As a writer, I’m always interested in improving my craft. I’m one of those writers that will gobble up every book and magazine article aimed at helping me to be a better writer. Thanks to the internet and the subsequent social media explosion, it’s easier than ever for me to find tools designed to make me a better writer.
The best example of this is my Twitter account. There, I subscribe to a number of profiles designed at helping writers not only polish their prose but reach their target audience. Recently, there was a link on my Twitter account posted by one such person I follow. The link had the impressive title of how to avoid getting bad reviews of your novel. The first time I saw this link, I passed on reading the article with my first thought being that writing a good novel is really the only way to avoid a bad review.
When another person I follow posted the same link, I couldn’t resist reading any longer. There had to be something all these people knew that I didn’t. Having once been the victim of a bad review, which was entirely my fault, I wanted to know what else I had to do to avoid a repeat of this disastrous fate.
My expectations were quickly dashed when the article, which was actually a link to an independent author’s blog, was lacking what I’d call helpful advice. In his post, the author recounted his experience with getting a bad review because of his failure to research the profile of the reviewer. It turns out this author sent his book to a reviewer who didn’t care for his genre. The result was that the reviewer didn’t give the book a fair chance before publicly posting the bad review which had the potential of costing the author future readers and sales. The author of this blog post suggested that every author needed to research reviewers before soliciting reviews of their work.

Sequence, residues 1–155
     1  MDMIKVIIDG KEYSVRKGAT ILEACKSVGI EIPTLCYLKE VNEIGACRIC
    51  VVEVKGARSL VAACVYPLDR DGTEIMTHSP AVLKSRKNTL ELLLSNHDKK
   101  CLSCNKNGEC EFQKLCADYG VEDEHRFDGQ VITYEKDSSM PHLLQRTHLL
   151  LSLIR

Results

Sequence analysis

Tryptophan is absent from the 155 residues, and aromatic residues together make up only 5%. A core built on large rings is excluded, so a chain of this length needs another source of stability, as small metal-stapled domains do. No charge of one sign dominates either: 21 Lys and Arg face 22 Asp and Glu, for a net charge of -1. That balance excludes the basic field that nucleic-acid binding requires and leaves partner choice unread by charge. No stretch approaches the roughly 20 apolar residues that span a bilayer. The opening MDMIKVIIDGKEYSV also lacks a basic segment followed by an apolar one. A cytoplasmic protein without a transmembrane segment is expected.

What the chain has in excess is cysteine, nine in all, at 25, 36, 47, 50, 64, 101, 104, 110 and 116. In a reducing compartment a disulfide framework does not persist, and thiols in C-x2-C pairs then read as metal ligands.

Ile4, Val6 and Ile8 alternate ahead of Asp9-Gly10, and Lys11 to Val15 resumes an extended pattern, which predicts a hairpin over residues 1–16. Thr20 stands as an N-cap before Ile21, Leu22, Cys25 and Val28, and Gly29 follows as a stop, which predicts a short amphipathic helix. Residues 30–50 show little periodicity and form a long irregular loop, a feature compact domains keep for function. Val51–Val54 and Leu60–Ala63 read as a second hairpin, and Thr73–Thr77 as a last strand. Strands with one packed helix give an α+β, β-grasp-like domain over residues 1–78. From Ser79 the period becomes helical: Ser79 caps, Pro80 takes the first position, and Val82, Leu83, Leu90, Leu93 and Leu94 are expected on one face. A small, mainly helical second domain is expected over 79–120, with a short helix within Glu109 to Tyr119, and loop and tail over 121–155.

I hate to say it, but my first thought after reading this blog post was ‘Well, duh!’ If I were attempting to find an agent or publisher for my young adult fiction novel, I would never send queries to people who dealt only with non-fiction. Why then would I send that same novel to a reviewer who only liked Science Fiction and Fantasy or Westerns? I wouldn’t. To me, that’s just basic logic.
It’s unfortunate the author was the victim of a bad review because of his own shortcomings, but I was a little disappointed that the title of his blog post implied it was something it wasn’t. I was expecting to get some tips and tricks on dazzling book reviewers and securing those great reviews. If this author’s blog post is any indication, my first instinct was right on. The only way to get a good review is to write a good novel. Just make sure that novel gets into the hands of the appropriate reviewers. If not, you have no one but yourself to blame.
As to the blog post on avoiding bad reviews, there’s an interesting lesson here. While the author may have been trying to spare colleagues from suffering the experience he did, the title was misleading. It gave the impression it would have all the answers on the subject, which illustrates one very important thing about writing. A good title can make all the difference.